In different sections of his work, Said labels what he calls Orientalism a “type of paranoia” and an “intellectually discreditable series of ideological fictions”. But he believes that alternatives to orientalism, based on libertarian, non-manipulative perspectives, are possible. In the final section of his book, he pays tribute to a small number of scholars and institutions – Anwar Abdel Malek, Clifford Geertz, Jacques Berque, Maxine Rodinson, Roger Owen, the Hull group. He considers that they have freed themselves from the old ideological straitjackets, that they are directly sensitive to the material they are dealing with and that they engage in a continued self-examination of their methodology and practice. This balances in a limited way the bleakness and lack of balance in his earlier analysis.

When Said died, many moving tributes were paid to him, by Alexander Cockburn, Seamus Deane, Christopher Hitchens, Tony Judt, Michael Wood and Tariq Ali among others. Of these, that by Judt seems to me to be the most perceptive regarding Said’s personality and the most illuminating about his pro-Palestinian activism. Judt has no doubt that, while witty and cultivated, Said was a deeply angry man, and that as a committed pro-Palestinian activist, he had much to be angry about. He takes the view that Said remained a traditional humanist; that he consistently championed engagement and dialogue and opposed violence; and that he favoured intellectual dissent even to the point of discord as a necessary condition for progress. Judt writes: “My own expressed doubts about the core thesis of Orientalism were no impediment to our friendship.” He notes that Said lived always at a tangent to the profile traditionally associated with his various causes. He was born into a Christian family, educated in elitist colonial schools, was for many years more at ease in English and French than in Arabic, was an American citizen and academic, and was not even a typical exile in that he lacked a homeland state to give allegiance to and to remember (or misremember).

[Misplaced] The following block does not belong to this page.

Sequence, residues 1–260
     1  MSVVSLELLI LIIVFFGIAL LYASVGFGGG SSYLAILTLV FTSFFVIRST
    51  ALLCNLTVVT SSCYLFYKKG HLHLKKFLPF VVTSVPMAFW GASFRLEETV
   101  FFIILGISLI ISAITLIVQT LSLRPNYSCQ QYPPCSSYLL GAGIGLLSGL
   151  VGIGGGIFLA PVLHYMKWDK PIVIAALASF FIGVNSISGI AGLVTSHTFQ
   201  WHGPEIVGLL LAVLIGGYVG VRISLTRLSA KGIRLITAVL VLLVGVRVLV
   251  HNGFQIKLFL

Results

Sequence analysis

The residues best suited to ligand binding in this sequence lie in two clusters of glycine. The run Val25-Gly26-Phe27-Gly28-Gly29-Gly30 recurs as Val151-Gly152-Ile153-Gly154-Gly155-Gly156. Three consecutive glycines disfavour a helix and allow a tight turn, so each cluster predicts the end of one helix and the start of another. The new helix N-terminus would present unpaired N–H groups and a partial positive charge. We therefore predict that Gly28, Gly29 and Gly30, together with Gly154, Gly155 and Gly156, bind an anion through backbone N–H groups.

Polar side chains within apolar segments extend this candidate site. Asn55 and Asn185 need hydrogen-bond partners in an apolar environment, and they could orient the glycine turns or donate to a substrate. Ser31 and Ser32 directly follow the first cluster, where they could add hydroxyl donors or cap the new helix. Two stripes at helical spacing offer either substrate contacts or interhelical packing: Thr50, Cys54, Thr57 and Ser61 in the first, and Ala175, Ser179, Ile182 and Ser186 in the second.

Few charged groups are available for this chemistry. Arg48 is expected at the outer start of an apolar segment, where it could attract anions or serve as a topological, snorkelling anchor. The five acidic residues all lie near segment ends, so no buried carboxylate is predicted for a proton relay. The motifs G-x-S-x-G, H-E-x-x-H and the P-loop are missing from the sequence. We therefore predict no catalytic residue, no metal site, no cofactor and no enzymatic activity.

According to Judt, Said pursued three themes consistently in his final years: the urgent need to tell the world, above all to tell Americans, the truth about Israel’s treatment of the Palestinians; the parallel urgency of getting Palestinians and other Arabs to recognise and accept the reality of Israel and engage with Israelis, and especially with the Israeli opposition; and the duty to speak openly about the failings of Arab leadership. A particular point with him was to tell the truth to and about his own people. Thus, in May 1991: “Whether Israeli intellectuals have failed or not in their mission is not for us to decide; what concerns us is the shabby state of discourse and analysis in the Arab world.” The reason for this stress was to avoid the “fawning elasticity with regard to one’s own side that has disfigured the history of intellectuals since time immemorial”. Judt acknowledges that, in his early and consistent critique of the Oslo agreements, Said got it right and those more hopeful than he were wrong. Most specifically, Said argued that if the Oslo process was to have any chance of success, the important issues for Palestinians ‑ full sovereignty, the pre-1967 frontiers, a right of return, some share in Jerusalem, Jewish settlements – had to be on the table from the outset, and not postponed until the “final status” negotiations.

Judt states that for the last decade of his life Said had given up on the two-state solution and was an unbending advocate of a single, secular state for Israelis and Palestinians. He argued that “Much more important than having a state is the kind of state it is.” He may have been ahead of his time and his people in believing that “historic Palestine” was now a lost cause and that there was only going to be one real state in the common area in future, viz Israel. There was an undoubted logic in believing that the state of Israel would never agree to a workable two-state formula, that it was unlikely it could be pressured to do so and that, even if it were, a Palestine of the West Bank and Gaza in their existing form, (chopped up into separate and often non-contiguous cantons, criss-crossed by Israeli-controlled roads and studded with Jewish settlements), could only be incoherent, ungovernable and unstable.